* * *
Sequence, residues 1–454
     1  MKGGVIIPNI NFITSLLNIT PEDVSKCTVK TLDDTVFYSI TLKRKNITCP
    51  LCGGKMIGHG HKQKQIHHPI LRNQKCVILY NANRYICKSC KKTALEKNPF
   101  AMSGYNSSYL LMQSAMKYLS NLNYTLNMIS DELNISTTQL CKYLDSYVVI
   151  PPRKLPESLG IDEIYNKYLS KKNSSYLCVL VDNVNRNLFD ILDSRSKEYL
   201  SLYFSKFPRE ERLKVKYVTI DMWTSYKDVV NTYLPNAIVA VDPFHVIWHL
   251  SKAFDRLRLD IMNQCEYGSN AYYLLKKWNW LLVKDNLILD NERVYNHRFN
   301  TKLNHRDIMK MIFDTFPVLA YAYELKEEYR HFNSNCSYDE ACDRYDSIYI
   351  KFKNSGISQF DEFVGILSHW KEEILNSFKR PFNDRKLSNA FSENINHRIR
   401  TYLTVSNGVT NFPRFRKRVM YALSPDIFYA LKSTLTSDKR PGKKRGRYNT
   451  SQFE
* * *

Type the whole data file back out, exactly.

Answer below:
Sequence, residues 1–454
     1  MKGGVIIPNI NFITSLLNIT PEDVSKCTVK TLDDTVFYSI TLKRKNITCP
    51  LCGGKMIGHG HKQKQIHHPI LRNQKCVILY NANRYICKSC KKTALEKNPF
   101  AMSGYNSSYL LMQSAMKYLS NLNYTLNMIS DELNISTTQL CKYLDSYVVI
   151  PPRKLPESLG IDEIYNKYLS KKNSSYLCVL VDNVNRNLFD ILDSRSKEYL
   201  SLYFSKFPRE ERLKVKYVTI DMWTSYKDVV NTYLPNAIVA VDPFHVIWHL
   251  SKAFDRLRLD IMNQCEYGSN AYYLLKKWNW LLVKDNLILD NERVYNHRFN
   301  TKLNHRDIMK MIFDTFPVLA YAYELKEEYR HFNSNCSYDE ACDRYDSIYI
   351  KFKNSGISQF DEFVGILSHW KEEILNSFKR PFNDRKLSNA FSENINHRIR
   401  TYLTVSNGVT NFPRFRKRVM YALSPDIFYA LKSTLTSDKR PGKKRGRYNT
   451  SQFE